Corporate Eye

LinkedIn Acquires SlideShare

linkedin slideshareNews that LinkedIn acquired SlideShare for over $118 million broke this week (along with a SlideShare presentation explaining the news) — an acquisition that gives LinkedIn access to a lot of content created, shared, and discussed by its target audience of professionals. In March 2012, the SlideShare website received over 29 million unique visitors, which means it’s one of the most trafficked websites for professionals.

Over 7.4 million presentations have been uploaded to SlideShare since it debuted in 2005, and since then, those presentations have been embedded in over 1.4 million unique domains. All of that content represents opportunities for LinkedIn to connect with a larger audience and get access to valuable information about its users.

In a press release, LinkedIn CEO Jeff Weiner explained, “Presentations are one of the main ways in which professionals capture and share their experiences and knowledge, which in turn helps shape their professional identity. These presentations also enable professionals to discover new connections and gain the insights they need to become more productive and successful in their careers, aligning perfectly with LinkedIn’s mission and helping us deliver even more value for our members. We’re very excited to welcome the SlideShare team to LinkedIn.”

Information is valuable these days, and the SlideShare acquisition certainly gives LinkedIn information. The acquisition represents what appears to be a turning point for the direction of LinkedIn as a company. Undoubtedly, the LinkedIn strategic direction goes far beyond the SlideShare acquisition. Simon Sharwood of The Register speculates, “The [acquisition] could mean ‘this is our cloud storage play’ or ‘our members were spending a fair bit of time using Google Docs and Office 365 and we wanted that time-on-site’.”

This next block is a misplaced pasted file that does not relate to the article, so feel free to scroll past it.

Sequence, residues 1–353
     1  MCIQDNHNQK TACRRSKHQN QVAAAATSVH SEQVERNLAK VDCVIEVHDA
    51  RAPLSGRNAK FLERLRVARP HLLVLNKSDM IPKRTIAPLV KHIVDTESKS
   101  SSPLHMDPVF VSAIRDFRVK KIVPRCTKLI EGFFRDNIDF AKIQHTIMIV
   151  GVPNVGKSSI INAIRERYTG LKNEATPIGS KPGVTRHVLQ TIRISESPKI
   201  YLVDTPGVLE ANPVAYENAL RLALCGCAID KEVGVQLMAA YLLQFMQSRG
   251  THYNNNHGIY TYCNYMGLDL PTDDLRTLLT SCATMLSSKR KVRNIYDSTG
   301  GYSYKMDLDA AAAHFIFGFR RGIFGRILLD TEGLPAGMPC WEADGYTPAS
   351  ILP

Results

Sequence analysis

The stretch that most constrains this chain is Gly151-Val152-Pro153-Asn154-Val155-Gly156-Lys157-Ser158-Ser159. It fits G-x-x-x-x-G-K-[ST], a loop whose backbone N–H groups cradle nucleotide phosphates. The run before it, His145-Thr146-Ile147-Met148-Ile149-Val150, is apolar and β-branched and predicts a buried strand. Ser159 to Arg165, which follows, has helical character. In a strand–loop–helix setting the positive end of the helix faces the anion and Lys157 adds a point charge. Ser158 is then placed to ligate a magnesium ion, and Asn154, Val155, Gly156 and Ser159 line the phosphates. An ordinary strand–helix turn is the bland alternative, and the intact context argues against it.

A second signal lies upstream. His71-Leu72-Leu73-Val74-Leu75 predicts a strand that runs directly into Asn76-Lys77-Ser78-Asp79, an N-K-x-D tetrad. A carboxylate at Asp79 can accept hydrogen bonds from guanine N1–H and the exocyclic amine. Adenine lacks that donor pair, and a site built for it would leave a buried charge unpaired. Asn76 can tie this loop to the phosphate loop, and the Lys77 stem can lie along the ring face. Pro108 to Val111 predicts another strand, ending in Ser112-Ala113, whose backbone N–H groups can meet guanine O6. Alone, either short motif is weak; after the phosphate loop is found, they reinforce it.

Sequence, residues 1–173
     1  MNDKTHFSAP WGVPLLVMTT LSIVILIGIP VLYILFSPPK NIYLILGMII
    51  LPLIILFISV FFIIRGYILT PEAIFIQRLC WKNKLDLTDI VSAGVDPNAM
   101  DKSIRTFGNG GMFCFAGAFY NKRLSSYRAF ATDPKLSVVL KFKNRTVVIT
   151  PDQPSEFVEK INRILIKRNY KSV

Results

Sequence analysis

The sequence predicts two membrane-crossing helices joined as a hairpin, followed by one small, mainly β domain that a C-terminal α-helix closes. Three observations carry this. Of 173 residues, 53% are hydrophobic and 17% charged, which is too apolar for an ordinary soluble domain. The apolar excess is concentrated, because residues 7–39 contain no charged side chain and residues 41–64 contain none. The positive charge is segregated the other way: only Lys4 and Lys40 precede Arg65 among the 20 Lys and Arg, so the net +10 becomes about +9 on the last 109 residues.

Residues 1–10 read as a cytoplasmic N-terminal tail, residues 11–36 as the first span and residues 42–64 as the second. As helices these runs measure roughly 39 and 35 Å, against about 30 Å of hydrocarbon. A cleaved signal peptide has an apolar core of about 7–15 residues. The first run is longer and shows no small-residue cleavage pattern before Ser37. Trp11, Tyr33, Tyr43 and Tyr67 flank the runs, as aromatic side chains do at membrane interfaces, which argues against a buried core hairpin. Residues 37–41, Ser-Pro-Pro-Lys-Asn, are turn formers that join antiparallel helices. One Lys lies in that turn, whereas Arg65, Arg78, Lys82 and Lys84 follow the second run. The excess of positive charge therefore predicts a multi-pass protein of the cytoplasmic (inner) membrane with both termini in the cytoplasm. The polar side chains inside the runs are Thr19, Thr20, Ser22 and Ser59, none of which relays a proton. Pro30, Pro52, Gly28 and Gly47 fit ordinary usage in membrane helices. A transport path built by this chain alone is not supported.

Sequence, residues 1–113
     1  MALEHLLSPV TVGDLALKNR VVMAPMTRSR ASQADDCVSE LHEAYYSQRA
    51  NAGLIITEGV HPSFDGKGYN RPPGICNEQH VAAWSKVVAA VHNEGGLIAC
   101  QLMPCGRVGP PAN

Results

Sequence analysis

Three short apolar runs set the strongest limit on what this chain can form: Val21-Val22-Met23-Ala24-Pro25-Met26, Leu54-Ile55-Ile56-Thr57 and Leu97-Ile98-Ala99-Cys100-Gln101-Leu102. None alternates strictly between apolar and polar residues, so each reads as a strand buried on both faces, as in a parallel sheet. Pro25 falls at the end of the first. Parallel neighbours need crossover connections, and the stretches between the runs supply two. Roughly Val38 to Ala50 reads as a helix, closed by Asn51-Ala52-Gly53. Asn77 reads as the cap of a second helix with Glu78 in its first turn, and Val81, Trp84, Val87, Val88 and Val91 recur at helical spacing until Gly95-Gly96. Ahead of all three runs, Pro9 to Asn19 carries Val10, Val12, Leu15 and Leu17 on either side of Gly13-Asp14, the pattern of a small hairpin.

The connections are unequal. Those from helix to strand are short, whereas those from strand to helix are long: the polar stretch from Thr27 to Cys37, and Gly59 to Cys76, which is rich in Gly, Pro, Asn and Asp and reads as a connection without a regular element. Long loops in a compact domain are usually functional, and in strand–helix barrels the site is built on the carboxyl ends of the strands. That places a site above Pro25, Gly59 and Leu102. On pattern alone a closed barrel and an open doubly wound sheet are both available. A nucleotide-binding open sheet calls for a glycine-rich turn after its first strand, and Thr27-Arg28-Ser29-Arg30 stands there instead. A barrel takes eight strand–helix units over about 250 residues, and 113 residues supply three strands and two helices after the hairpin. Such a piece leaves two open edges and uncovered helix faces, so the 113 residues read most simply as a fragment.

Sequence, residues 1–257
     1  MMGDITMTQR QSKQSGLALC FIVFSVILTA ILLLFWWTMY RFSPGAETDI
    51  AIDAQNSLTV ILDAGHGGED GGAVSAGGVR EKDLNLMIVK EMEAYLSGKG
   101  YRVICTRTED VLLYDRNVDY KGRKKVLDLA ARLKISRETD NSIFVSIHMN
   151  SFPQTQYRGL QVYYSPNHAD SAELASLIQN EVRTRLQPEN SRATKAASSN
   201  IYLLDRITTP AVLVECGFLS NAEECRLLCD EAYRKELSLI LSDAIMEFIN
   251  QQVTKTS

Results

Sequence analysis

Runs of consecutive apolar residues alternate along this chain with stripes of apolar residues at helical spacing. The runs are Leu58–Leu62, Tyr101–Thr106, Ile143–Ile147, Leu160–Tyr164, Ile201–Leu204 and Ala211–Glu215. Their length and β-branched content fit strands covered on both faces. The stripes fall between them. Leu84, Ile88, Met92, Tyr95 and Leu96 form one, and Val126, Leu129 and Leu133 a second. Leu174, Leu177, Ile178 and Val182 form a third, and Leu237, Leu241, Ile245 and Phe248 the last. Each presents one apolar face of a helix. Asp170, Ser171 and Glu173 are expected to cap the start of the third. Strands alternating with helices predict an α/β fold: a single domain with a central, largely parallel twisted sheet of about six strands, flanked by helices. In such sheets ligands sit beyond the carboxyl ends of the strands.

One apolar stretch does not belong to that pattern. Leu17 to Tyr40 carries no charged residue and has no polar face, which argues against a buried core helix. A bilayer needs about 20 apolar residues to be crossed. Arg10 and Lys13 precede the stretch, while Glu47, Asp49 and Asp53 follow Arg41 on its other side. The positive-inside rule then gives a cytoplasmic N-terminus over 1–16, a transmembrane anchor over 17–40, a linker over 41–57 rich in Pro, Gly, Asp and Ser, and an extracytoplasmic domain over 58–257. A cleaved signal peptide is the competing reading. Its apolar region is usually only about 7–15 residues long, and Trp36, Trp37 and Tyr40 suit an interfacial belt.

One thing is certain, what started out as a simple social networking destination for professionals might just be turning into something far more comprehensive. Let’s just hope that “something” really is useful.

Image: LinkedIn

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Susan Gunelius is the author of 10 marketing, social media, branding, copywriting, and technology books, and she is President & CEO of KeySplash Creative, Inc., a marketing communications company. She also owns Women on Business, an award-wining blog for business women. She is a featured columnist for and, and her marketing-related articles have appeared on websites such as,,, and more. She has over 20 years of experience in the marketing field having spent the first decade of her career directing marketing programs for some of the largest companies in the world, including divisions of AT&T and HSBC. Today, her clients include large and small companies around the world and household brands like Citigroup, Cox Communications, Intuit, and more. Susan is frequently interviewed about marketing and branding by television, radio, print, and online media organizations, and she speaks about these topics at events around the world. You can connect with her on Twitter, Facebook, LinkedIn, or Google+.